Monday, January 9, 2012

Launch Cost Data

I took a look around on the internet, visiting various company and industry watchdog sites, looking for payloads deliverable to low earth orbit (LEO), and the launch costs associated with them. I found pretty good payload information. Launch costs are little more speculative, especially as some of the data was not quite current.

Update 9-25-12: I put this data on a more traceable basis in a later posting dated 5-26-12. That one supersedes this one. That same set of more traceable data I updated further, to include the projections for the new NASA giant SLS launch rocket, in a posting dated 9-13-12. That one supersedes both of these earlier ones.

I looked up some pretty reliable data for the Spacex family of Falcon rockets. Falcon 1 and Falcon-9 are already flying, and the cost data were available directly on the Spacex site. Falcon-Heavy is supposed to fly for the first time this year.

I found some pretty reliable payload data for a few members of ULA's Atlas-5 family. That's now a joint venture of Boeing and Lockheed Martin. The Atlas family was formerly operated by Lockheed Martin. The cost data came from a watchdog site, but I think it is fairly current. I have data for the -401, -551, and -HLV configurations.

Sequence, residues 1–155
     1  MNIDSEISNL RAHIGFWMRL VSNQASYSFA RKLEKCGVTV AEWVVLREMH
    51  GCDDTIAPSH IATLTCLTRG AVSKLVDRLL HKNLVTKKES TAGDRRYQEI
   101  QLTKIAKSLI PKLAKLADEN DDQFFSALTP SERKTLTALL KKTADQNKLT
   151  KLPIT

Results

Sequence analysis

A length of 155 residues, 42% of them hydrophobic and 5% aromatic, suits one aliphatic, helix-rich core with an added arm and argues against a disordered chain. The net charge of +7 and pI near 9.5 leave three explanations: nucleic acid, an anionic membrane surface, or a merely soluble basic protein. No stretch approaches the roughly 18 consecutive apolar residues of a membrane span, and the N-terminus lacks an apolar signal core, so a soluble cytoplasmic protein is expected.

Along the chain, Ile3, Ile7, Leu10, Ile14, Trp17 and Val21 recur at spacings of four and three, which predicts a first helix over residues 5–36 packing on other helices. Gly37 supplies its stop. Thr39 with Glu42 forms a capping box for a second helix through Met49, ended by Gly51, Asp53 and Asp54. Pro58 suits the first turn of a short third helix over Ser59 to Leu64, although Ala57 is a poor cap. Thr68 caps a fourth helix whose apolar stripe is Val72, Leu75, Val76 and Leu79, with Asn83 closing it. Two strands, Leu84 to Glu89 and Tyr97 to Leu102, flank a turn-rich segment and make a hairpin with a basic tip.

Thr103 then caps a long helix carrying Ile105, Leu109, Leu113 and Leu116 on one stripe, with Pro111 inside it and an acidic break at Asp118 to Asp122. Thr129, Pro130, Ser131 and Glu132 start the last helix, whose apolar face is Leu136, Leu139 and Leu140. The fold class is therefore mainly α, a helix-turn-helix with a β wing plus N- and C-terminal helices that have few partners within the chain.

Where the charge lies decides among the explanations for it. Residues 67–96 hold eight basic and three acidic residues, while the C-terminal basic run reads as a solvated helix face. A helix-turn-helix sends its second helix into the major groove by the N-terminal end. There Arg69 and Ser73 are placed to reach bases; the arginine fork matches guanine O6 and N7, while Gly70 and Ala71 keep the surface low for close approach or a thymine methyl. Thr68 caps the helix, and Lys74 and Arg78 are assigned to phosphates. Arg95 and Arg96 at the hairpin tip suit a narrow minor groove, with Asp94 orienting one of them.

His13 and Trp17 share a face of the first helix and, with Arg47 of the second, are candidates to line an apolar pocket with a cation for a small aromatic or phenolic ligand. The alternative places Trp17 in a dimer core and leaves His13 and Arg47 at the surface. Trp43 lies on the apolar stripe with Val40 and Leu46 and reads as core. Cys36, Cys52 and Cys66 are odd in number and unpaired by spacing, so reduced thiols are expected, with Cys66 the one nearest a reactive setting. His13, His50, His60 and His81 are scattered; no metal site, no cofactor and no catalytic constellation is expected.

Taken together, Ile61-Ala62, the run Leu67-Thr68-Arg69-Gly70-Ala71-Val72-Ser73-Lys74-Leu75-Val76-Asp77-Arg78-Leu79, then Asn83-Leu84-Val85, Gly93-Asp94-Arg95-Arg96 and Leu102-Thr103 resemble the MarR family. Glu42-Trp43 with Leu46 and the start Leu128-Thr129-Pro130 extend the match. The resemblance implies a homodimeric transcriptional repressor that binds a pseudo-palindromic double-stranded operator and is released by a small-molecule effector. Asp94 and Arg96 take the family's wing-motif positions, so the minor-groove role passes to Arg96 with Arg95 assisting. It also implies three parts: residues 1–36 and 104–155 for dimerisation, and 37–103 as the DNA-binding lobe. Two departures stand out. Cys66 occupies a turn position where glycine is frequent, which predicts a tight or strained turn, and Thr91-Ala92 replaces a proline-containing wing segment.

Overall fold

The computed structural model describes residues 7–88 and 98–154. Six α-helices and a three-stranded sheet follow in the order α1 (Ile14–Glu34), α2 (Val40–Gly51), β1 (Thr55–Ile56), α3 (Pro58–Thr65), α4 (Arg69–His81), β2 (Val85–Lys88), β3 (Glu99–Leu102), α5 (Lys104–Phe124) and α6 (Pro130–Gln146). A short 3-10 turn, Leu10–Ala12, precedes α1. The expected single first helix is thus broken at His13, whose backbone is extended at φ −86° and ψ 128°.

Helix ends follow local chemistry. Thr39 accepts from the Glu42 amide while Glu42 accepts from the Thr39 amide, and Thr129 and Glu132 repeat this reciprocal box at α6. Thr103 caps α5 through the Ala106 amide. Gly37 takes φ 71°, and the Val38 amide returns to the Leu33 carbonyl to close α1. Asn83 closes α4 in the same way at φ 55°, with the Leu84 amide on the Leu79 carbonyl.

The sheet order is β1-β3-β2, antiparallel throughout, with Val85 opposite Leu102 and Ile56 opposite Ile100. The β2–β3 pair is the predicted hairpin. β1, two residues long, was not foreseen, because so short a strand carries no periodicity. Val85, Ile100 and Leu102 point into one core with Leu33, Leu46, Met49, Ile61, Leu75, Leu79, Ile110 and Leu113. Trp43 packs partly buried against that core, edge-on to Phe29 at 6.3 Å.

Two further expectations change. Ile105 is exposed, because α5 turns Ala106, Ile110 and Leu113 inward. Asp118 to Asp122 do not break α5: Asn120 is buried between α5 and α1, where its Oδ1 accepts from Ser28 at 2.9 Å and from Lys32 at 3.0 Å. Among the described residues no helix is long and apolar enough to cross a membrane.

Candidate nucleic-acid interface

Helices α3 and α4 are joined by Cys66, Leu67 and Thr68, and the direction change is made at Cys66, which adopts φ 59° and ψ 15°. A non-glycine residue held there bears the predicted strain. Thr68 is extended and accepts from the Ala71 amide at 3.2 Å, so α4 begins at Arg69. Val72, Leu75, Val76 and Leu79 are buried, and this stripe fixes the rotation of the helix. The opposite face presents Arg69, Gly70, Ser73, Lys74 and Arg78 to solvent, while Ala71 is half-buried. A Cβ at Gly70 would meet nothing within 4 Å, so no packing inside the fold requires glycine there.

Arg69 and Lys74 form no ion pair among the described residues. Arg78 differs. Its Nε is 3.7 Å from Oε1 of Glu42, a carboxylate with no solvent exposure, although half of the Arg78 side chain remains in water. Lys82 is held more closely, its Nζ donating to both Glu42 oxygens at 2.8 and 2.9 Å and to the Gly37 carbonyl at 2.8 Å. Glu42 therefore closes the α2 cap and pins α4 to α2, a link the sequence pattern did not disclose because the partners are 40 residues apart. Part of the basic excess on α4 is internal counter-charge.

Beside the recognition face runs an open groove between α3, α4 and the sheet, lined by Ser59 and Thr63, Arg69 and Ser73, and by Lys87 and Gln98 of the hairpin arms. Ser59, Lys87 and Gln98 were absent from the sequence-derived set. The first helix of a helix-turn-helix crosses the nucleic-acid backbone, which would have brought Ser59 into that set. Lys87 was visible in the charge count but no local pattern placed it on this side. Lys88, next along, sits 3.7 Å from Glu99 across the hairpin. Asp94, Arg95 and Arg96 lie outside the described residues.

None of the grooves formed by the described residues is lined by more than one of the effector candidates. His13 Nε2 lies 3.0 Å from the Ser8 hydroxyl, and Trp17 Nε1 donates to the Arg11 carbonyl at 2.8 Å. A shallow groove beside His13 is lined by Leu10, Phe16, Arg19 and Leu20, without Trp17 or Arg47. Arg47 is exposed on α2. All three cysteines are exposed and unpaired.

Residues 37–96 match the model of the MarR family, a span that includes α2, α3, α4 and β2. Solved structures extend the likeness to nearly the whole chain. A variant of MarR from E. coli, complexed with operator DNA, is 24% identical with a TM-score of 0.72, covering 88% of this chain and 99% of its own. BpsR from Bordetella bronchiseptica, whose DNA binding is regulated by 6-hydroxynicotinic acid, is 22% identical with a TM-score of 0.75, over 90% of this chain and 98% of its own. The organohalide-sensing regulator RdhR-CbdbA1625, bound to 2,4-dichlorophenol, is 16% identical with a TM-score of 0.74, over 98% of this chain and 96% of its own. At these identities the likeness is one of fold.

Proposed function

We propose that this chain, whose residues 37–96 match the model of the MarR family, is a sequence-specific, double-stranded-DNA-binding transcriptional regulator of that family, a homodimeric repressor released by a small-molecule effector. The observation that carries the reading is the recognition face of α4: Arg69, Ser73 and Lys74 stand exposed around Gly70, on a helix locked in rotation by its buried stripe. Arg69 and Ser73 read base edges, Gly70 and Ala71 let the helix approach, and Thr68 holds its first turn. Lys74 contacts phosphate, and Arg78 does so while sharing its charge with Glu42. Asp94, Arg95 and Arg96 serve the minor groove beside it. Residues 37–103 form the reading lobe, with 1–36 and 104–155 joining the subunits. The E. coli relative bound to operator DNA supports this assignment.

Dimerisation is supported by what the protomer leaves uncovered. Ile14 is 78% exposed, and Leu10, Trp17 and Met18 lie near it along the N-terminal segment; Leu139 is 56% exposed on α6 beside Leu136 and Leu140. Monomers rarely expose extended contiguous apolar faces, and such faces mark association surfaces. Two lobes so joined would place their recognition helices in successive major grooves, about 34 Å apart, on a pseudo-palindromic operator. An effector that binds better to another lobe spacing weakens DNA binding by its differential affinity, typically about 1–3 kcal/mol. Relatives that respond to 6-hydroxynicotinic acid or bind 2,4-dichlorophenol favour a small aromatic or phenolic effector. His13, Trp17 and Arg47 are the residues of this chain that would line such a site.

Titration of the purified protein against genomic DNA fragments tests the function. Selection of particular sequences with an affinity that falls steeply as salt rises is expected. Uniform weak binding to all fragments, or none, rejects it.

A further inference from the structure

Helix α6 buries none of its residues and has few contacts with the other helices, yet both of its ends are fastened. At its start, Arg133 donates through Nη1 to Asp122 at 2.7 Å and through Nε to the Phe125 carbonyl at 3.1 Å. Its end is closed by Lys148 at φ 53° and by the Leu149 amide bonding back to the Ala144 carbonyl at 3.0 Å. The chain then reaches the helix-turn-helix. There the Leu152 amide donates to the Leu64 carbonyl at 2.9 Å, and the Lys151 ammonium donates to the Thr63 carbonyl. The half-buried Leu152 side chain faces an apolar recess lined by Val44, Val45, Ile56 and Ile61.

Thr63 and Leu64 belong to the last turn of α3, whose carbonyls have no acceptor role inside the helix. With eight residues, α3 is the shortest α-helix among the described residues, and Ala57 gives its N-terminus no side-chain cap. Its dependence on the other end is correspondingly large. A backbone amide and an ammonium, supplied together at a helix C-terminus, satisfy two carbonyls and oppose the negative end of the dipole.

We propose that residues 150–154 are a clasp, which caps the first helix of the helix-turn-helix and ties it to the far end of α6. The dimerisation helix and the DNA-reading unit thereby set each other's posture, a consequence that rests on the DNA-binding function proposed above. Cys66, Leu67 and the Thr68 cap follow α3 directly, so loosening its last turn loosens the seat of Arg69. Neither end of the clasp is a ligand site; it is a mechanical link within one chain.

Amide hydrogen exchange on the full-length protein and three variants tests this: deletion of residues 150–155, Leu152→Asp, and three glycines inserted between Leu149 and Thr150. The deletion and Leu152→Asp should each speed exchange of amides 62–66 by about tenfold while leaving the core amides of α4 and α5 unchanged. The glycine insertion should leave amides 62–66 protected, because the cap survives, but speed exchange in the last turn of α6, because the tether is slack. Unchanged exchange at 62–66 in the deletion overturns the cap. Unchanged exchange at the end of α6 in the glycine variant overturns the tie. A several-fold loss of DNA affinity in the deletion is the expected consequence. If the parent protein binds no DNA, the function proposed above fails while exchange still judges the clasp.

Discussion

I also found some payload data for a few Delta 4 configurations on the same ULA site. Delta is a Boeing operation, built in ULA facilities. I found cost data for only Delta-4 Heavy on a watchdog site, but it's about 5 years old. So, if anything, today's launch costs for Delta-4 Heavy would be higher still.

I processed these data as payload mass delivered from Canaveral to LEO, and as US dollars per unit mass of payload (payload mass divided by launch cost). The results are plotted here in metric units ($/kg vs metric tons) and in US customary units ($/lb vs US tons). I expected to see the "scale effect" operating (lower cost per mass at higher masses), and I did.

But, there are differences among the vendors. Remember, when assembling something large in LEO, it is the cost per unit mass that determines your overall project launch costs. Once the Spacex Falcon-Heavy is flying, it will be very hard to beat, in terms of unit cost and absolute payload tonnage. Judge for yourself ----

In metric:

In US customary:

Monday, January 2, 2012

On Somali Pirates: "I Told You So"

From an article by Neal Ungerleider, on, 2 January 2012

“Commercial shipping is one of the most cutthroat industries in the world, and shipowners don't have the budgets to spend on space-age defenses. The recent drop-off in piracy has been due to the increased use of armed guards, not technological innovation, which in turn have been made economically feasible by skyrocketing ransoms and lengthening captivity periods. One insurance company issued a stat a few months back that 80 percent of pirate attacks were being repelled by armed guards, and no vessel employing them has been hijacked.”

Now for the “I told you so” part:

This was the first, best recommendation that I made, of three, nearly 3 years ago on 4-11-09, on this site, in an article titled “3 Solutions to the Somali Pirate Problem”.